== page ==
Be prepared for some trial and error due to variations between each CPU and the required voltage to reach 4.5GHz:
  • Scroll down to CPU Voltage and switch it to Manual Mode.
  • Set the required CPU voltage. Start high to reach your stable target frequency and then decrease it gradually. Remember more voltage = more heat, so you ideally want to find the lowest voltage at which your CPU can run 4.5GHz stably.
  • 1.25V is a good starting value that should be enough to get any i5-3570K to 4.5GHz, but this CPU was able to run stably at 1.21V. We’ll come back and adjust this down as needed later.
  • Adjusting the voltage up will automatically increase the CPU current capability to 140%, but you may also need to increase the Load Line Calibration setting. Some stubborn i5-3570K's will require 1.25V and Extreme LLC to reach 4.5GHz.
  • To start, go into DIGI+ Power Control and set CPU Load-line Calibration to Extreme, but bear in mind that CPU temperatures will go up. (The CPU’s max temperature is 105°C, but ideally you want to keep it below 80C).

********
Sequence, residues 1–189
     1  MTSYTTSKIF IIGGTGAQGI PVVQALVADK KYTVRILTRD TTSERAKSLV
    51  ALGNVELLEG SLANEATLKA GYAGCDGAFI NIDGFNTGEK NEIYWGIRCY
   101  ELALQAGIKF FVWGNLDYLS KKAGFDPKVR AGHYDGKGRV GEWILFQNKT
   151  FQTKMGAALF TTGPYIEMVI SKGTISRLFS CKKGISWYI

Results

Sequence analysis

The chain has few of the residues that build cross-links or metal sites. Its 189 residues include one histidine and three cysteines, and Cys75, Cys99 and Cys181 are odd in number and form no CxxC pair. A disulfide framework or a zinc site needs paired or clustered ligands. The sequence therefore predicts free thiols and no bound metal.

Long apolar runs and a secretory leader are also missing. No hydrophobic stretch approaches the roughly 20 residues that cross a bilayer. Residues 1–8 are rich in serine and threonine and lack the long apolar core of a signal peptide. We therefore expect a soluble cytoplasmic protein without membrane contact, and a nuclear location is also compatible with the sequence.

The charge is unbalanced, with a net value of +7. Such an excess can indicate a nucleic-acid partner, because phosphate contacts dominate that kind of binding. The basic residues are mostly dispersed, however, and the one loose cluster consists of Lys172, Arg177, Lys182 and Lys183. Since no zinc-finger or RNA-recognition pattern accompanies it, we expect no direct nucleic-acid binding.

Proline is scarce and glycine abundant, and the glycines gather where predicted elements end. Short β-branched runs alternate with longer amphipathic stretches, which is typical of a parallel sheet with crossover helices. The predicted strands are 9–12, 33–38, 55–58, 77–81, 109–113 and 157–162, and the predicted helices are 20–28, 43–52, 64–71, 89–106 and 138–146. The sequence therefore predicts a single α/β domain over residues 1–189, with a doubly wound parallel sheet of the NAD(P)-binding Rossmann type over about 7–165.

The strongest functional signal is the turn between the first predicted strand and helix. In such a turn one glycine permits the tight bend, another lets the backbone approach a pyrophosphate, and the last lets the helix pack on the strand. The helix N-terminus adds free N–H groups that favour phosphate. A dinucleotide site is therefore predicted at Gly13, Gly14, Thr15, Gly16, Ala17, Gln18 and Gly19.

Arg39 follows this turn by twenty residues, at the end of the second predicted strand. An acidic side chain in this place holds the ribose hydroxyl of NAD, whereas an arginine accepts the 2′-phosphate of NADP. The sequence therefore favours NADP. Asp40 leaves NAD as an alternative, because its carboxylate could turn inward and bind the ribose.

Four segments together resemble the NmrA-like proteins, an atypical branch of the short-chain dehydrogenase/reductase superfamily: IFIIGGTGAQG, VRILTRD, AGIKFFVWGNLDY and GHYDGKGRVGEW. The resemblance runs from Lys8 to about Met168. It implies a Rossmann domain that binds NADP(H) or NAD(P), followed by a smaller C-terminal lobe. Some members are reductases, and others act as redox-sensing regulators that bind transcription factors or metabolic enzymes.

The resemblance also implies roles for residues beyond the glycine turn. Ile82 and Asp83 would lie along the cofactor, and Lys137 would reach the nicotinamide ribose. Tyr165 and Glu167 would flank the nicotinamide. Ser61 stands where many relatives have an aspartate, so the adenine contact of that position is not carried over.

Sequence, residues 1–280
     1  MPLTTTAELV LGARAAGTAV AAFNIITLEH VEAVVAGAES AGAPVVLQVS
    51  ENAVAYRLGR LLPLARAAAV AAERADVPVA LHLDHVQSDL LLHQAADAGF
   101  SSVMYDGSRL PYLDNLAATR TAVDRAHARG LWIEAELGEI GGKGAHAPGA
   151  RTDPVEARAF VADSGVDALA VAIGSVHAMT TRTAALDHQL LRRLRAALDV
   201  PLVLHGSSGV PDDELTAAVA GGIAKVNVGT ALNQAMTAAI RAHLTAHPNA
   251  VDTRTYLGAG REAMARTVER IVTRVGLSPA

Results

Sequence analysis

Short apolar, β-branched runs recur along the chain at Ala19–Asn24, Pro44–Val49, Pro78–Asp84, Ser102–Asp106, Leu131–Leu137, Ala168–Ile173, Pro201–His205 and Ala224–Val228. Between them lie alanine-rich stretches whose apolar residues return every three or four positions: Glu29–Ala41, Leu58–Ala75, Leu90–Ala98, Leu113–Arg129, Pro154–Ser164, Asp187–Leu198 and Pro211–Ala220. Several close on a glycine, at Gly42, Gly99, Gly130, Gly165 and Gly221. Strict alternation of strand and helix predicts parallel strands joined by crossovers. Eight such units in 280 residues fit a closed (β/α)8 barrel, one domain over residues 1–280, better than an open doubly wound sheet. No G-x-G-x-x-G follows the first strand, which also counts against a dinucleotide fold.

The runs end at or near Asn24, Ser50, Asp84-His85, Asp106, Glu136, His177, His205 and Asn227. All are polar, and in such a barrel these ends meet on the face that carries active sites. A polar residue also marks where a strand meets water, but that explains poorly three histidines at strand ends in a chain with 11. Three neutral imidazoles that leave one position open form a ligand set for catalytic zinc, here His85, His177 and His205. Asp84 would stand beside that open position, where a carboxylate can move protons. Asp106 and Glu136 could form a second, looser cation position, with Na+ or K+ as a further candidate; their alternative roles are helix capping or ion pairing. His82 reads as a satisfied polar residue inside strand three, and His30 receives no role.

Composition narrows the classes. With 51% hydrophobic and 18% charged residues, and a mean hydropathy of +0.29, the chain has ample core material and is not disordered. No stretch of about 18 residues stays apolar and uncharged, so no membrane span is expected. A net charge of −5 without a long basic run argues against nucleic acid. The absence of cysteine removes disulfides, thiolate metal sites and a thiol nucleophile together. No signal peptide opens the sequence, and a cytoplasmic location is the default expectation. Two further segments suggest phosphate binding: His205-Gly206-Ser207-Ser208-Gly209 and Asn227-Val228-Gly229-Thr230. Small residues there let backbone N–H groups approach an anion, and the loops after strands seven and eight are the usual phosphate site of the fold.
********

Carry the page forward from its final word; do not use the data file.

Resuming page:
• Hit F10 to save and restart your PC and boot to Windows. Fire up CPU-Z, Prime 95 and your monitoring software of choice (we've used AI Suite II, but be sure no to press any of the auto options otherwise it will attempt to reset the values).
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  • Run Prime 95’s small FFT test. Leave this running in the background whilst performing some simple tasks such as web browsing. If your PC freezes, blue-screens or applications crash for no reason, return to the BIOS to tweak the voltage settings.
  • Be aware that with 1.25V and Extreme LLC CPU voltage will sometimes push the CPU to around 1.29V under load, and temperatures will rise accordingly too. Don’t worry, this is just the first part to make sure the chip can hit 4.5GHz.
  • 1.25V and Extreme LLC should be more than enough for any i5-3570K (in fact, arguably too much, but we just wanted to make sure it would work), but if you encounter stability issues at this voltage, don’t increase the CPU voltage further. Instead, check your temperature readings, reduce the CPU multiplier down to 44x (4.4GHz) or perhaps reduce your memory frequency if it is above 1,333MHz.